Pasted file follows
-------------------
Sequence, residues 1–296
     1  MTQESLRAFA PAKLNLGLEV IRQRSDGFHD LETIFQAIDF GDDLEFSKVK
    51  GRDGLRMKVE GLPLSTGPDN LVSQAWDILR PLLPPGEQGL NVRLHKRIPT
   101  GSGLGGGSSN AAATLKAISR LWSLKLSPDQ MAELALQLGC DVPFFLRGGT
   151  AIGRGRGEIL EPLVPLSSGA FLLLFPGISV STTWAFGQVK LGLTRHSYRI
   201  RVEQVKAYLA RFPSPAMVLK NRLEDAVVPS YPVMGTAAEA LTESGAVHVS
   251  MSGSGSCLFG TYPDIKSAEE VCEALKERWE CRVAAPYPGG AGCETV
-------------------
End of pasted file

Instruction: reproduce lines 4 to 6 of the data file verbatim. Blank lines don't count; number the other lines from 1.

   101  GSGLGGGSSN AAATLKAISR LWSLKLSPDQ MAELALQLGC DVPFFLRGGT
   151  AIGRGRGEIL EPLVPLSSGA FLLLFPGISV STTWAFGQVK LGLTRHSYRI
   201  RVEQVKAYLA RFPSPAMVLK NRLEDAVVPS YPVMGTAAEA LTESGAVHVS